I figure after such a heady April I deserve some fun so for May I am watching the first Lethal Weapon movie (yes I’ve never seen any of the series). In this iconic buddy cop action series Mel Gibson plays the young hothead Riggs and Danny Glover plays the old tired detective Murtaugh. They are forced to work together with some classic 80s hair from Gibson. This film is written by writer/director Shane Black who I am not the biggest fan of but we’ll see if he can win me over or maybe I’m too old for this…
As a huge fan of director Mamoru Hosoda I’m almost ashamed to admit I have never seen Wolf Children. I know many friends who consider this his best film and I’m excited to finally watch it. The story is about a young woman who raises her half-human half-wolf children after their werewolf father dies. My friend Ron said it is his favorite movie of the decade so I definitely have to check this one out!
I figure by the time July comes around I will be in the mood for a comedy and one classic I have never seen is the Goldie Hawn film Private Benjamin. So far on Goldie Hawn 80s comedies I liked Overboard and didn’t like Foul Play so we will see how this film lands. It was written by a young Nancy Meyers and is about a wealthy heiress who joins the army after her husband dies only for a very rude awakening in boot camp. I hope it will be a lot of laughs!
House of the Flying Daggers
After really enjoying director Zhang Yimou’s film Shadowthis year and admiring his film Hero from 2002 I thought it would be fun to watch another one of his famed works House of Flying Daggers. Evidently this is a love story and a martial arts film so that should be right up my ally and from what I’ve seen the production design, fight choreography and cinematography look stunning. I’m excited to watch it!
War movies are a great choice for blind spot because they are the kind of thing I don’t usually watch without a push. So for September I think it is finally time for me to watch the Francis Ford Coppola film Apocalypse Now. Released in 1979 this film has an incredible cast including Marlon Brando, Robert Duvall, Martin Sheen, Dennis Hopper and more. It is about a battalion during the Vietnam War who are sent on a secret mission into Cambodia to assassinate a renegade officer. I learned a lot about the making of the movie in the documentary I saw last year called Making Waves: The Art of Cinematic Sound and I’m looking forward to seeing it.
One of my goals for next year is to try and get over some of my reservations when it comes to horror films. If I want to be a full time film critic I know I will need to watch more horror movies and I have been told by several good friends that the original Halloween film by director John Carpenter isn’t very scary. I’ve seen some scary movies like Scream, Psycho, and others so let’s hope I make it through this one! Ahhhh!
The Last Unicorn
Honestly the number of classic animated films I haven’t seen is narrowing but there are still some and one of them is The Last Unicorn. This anime released in 1982 tells the story of a unicorn that goes on a journey with a wizard to defeat an evil King that wants to kill all the unicorns. It evidently has some scary and bonkers scenes that were quite shocking for 1980s audiences so I’m anxious to see what I think! The animation looks beautiful and it is a musical with voices of Mia Farrow, Alan Arkin, Angela Lansbury and more on the dub. We will see what I think!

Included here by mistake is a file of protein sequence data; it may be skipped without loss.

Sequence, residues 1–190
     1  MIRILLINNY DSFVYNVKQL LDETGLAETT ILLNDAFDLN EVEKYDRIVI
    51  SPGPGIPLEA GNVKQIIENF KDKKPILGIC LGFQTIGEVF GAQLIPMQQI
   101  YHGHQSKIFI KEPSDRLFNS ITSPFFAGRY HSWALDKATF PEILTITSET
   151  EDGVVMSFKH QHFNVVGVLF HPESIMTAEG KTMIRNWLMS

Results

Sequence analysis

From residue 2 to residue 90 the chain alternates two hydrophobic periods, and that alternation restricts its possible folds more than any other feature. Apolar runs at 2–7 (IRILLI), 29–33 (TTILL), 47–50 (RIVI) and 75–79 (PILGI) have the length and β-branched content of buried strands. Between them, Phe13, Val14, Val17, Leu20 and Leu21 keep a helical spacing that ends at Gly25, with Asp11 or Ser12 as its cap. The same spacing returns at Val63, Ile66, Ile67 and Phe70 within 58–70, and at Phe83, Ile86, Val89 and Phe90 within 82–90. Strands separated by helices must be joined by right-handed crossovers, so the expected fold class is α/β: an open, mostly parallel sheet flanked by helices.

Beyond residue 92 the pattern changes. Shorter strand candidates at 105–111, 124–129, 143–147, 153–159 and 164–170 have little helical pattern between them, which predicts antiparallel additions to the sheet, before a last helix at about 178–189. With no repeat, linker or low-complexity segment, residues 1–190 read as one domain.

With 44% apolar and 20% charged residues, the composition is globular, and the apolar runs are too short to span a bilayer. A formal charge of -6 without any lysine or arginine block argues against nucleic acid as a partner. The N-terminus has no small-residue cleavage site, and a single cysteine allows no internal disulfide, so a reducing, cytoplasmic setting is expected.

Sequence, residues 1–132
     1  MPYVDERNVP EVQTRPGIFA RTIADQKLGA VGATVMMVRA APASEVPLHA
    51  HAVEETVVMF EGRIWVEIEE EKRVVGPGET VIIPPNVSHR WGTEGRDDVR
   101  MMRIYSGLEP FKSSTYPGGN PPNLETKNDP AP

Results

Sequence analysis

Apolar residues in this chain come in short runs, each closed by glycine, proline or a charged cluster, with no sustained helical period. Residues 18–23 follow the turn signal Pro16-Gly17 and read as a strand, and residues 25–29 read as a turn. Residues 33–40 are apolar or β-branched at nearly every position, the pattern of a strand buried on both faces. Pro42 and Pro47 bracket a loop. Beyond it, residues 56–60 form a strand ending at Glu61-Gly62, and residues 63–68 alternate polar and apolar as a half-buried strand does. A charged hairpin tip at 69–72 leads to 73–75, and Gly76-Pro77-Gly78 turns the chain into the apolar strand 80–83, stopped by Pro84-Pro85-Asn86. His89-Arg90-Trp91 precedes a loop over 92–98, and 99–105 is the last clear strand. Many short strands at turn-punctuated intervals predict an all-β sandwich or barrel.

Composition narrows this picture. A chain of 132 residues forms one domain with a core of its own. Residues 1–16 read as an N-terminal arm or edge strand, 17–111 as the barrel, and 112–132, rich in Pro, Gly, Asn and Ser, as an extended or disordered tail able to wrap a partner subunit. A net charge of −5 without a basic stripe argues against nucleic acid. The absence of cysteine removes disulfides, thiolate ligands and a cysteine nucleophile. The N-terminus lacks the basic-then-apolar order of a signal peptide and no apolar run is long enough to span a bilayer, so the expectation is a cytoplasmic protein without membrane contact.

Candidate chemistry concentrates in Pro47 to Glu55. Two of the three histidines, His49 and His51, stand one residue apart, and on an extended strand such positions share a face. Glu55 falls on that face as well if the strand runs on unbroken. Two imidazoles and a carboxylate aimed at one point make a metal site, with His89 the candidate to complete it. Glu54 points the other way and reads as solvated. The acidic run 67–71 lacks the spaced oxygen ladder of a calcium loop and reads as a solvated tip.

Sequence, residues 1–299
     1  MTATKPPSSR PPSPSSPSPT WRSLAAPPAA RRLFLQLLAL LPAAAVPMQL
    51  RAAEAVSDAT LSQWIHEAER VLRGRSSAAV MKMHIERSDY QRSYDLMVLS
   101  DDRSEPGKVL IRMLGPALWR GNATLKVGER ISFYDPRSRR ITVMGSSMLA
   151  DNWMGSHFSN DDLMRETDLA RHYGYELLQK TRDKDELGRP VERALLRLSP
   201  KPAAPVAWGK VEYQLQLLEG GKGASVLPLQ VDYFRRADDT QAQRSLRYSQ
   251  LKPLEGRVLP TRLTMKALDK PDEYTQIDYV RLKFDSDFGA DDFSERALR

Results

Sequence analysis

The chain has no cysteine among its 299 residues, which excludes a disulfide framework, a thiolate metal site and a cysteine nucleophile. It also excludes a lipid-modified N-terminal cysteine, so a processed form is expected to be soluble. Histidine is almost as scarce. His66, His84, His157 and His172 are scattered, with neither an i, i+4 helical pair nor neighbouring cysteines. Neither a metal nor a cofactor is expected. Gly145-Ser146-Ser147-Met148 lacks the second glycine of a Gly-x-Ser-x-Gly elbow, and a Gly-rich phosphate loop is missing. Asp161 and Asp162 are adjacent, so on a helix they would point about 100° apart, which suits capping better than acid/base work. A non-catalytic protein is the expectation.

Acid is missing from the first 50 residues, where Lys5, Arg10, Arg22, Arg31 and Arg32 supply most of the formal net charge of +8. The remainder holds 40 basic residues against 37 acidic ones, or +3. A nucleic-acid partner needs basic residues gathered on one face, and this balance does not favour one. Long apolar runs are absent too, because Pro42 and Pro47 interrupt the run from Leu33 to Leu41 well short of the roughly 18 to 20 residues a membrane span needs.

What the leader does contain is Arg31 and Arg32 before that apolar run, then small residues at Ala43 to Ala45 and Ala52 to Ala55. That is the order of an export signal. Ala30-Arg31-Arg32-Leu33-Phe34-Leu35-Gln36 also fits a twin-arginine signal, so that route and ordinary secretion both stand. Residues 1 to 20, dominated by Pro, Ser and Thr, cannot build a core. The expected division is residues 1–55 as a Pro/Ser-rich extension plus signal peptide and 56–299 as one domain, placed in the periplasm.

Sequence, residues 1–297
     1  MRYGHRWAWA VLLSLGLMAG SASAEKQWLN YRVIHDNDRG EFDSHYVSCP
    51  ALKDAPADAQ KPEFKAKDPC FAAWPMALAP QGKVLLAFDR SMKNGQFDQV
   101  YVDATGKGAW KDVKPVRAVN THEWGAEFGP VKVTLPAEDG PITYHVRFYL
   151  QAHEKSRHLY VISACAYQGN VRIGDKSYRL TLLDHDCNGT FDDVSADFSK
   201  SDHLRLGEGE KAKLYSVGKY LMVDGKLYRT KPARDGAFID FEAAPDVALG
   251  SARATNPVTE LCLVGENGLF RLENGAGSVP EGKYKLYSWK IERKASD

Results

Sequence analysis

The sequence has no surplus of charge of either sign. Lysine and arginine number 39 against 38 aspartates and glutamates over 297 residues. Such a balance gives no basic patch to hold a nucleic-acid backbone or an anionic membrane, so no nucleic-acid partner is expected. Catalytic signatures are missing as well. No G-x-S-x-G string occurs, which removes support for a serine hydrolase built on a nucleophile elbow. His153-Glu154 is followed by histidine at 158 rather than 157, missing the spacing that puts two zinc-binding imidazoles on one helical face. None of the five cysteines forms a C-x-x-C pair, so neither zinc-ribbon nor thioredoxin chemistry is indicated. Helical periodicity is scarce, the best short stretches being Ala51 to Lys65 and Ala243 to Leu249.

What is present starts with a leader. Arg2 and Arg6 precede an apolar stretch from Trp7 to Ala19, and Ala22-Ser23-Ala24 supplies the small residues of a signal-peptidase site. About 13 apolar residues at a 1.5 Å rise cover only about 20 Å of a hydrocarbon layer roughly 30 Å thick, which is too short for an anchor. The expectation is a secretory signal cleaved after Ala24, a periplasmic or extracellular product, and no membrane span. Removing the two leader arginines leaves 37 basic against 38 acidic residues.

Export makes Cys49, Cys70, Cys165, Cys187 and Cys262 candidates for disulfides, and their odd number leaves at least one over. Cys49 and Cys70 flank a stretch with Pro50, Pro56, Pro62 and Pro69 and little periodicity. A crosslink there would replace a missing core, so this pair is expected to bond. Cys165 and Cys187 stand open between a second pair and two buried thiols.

Remember the Night
My December pick is a Christmas classic I just learned about this year: Remember the Night. I don’t know how it flew under my Christmas-movie-loving radar but it is from 1940 and stars Barbara Stanwyck (who is one of my favorite Christmas movies Christmas in Connecticut) and Fred MacMurray (who is a scoundrel in the Christmas film The Apartment!). It is written by the great Preston Sturgess who was the king of romantic comedy writing in the 40s. Evidently it is about an attorney (MacMurray) who ends up going on a road trip of some kind with a petty shoplifter (Stanwyck) while heading home for Christmas. Sign me up!
So there you have it! That’s my 12 films for the 2020 Blind Spot Series. If you have a blog or youtube channel I encourage you to participate in the project. It’s a lot of fun and very rewarding at the same time.
What do you think of my choices? Have you seen any of them? I would love to hear your thoughts!
Anyone who follows my content knows I watch a lot of Christmas movies. This can make it difficult to find a good Blind Spot pick for December. However, I have long wanted to see the anime classic Tokyo Godfathers, so it became an easy pick for this month’s selection. Tokyo Godfathers is directed by master animator Satoshi Kon based on the novel by Peter B Kyne entitled Three Godfathers.
There are a lot of reasons why this film works, but I think at the heart is an emotional resonance we connect with. I’d wager to say the 3 main characters Gin, Hana and Miyuki are living wildly different lives than most of us; however, their responses to pain, joy, fear etc come from a truthful place we can all relate with.
The story begins when our homeless trio finds a baby thrown into the trash on Christmas Eve. Ex-drag queen Hana is particularly excited to help the baby who they name Kiyoko. I loved Hana’s energy, which is always tinged with a bit of melancholy. She reminds me a little bit of Agrado in Pedro Almodóvar’s film All About My Mother. They both are transgender and homeless, yet full of life and energy.